Probing Virgin Ground: Worries of international consultants in Ukraine

29 апреля 2021 г.: en 3028 апреля 2021 г.: en 45 мая 2021 г.: en 2 всего: 7928.04.21

Probing Virgin Ground: Worries of international consultants in Ukraine

Ukraine’s long proclaimed struggle for the foreign direct investments (FDI) during the last year has acquired more distinct outlines as several legislative initiatives came and some coming in force soon.

Say, last summer President of the state Volodymyr Zelensky announced the idea of widest privileges to be granted to the foreign businesses assigning considerable (€20M+ / 80+ jobs / wages 115%+ of the average for the region/industry) investments in the country. This project was widely commented upon and gained the nick ‘investment nannies’: it is the novelty called ‘investment manager’ setting certain responsibilities to support the project on an authority or even an official appointed to lead an investment project through the red-tape labyrinth. And in February he has signed the law passed by Verkhovna Rada (the parliament) of Ukraine, envisaging such privileges as exemption from the companies’ profit tax and the customs for new equipment (machinery) imported into Ukraine, as well as granting rights for land plots use to realise the investment project, securing it with the adjacent infrastructure objects like roads and power mains, etc. There is already an example of the Canadian company Black Iron Inc. which is committed to involve a large investor in the development of its iron ore mine in Ukraine bought as a prospective asset yet requiring large funds to be invested.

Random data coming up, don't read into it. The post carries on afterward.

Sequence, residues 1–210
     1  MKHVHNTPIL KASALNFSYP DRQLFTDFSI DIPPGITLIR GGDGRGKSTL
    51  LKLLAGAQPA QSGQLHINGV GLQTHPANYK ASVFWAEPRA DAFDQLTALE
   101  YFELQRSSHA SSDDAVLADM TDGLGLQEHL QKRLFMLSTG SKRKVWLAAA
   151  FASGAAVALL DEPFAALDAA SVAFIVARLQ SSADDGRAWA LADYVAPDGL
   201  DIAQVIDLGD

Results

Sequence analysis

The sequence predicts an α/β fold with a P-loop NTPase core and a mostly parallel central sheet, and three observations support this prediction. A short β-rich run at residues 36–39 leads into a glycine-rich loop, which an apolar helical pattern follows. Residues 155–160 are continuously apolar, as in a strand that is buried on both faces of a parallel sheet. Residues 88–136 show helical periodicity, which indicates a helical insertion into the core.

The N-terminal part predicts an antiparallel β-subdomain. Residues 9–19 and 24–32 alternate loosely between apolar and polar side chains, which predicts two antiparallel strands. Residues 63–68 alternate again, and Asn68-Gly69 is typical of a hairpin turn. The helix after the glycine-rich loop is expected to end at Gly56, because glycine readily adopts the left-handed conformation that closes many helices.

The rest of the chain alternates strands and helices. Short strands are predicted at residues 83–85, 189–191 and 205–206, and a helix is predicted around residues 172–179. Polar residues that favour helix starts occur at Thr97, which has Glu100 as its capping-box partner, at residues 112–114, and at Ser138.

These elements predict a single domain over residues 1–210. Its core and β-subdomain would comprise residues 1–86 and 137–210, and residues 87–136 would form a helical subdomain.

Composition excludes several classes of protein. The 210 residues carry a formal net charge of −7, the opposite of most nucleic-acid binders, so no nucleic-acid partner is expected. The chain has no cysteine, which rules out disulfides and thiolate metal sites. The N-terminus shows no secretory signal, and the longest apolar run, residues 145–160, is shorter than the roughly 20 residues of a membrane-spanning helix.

Heads up to new projects

Another line of Ukrainian government is directed to infrastructure objects such as sea and air ports, rail and motor roads that are to be transferred to concession. The brand new Law of Ukraine on Concessions that takes into account the latest PPP (public-private partnership) experience was adopted in October 2019 after 2 years of consideration. As a follow-up to this Law, Ministry of Infrastructure of Ukraine has advertised its set of public assets open for concession tenders. The first two pilot projects in the sea ports of Kherson and Olvia (south of Mykolaiv) are already on, waiting for the completion of formalities. They had been prepared under the old law yet successfully conducted with the help of IFIs: the World Bank’s International Financial Corporation (IFC) hired the proper consultancy for the both projects’ Feasibility Study (FS) developed, through a tender won by the consortium of Castalia (Australia), EY Ukraine, MTBS and Tebodin (the Netherlands), et al.

Further on, last year the pre-FS tender was conducted by the EBRD on the concession of six berths of Chornomorsk Port (former container terminal), and the tender on the same port’s railway ferry complex concession FS was held by the sectoral body Ukrainian Sea Ports Authority (USPA) via the special governmental online platform Prozorro. Nevertheless, it was finally cancelled because of numerous discrepancies and complaints by bidders, mostly the foreign ones. Anyway, there are new projects to come with new tenders under the same rules and procedures set up by today, and the entire situation seems like keeping as it is.

We took part in some tenders through Prozorro system as local assistants to our abroad partners and have examined this machinery well enough to prepare the observations below.

Heads down to mind the gap

First of all, a bidder shall certify Power of Attorney for the person namely representing him in this particular tender. The employers requesting for proposals – in our case USPA – tend to strictly prescribe certification of both the person authorised to undersign the tender documentation and the person having authorised the former on behalf of the bidder as a legal entity.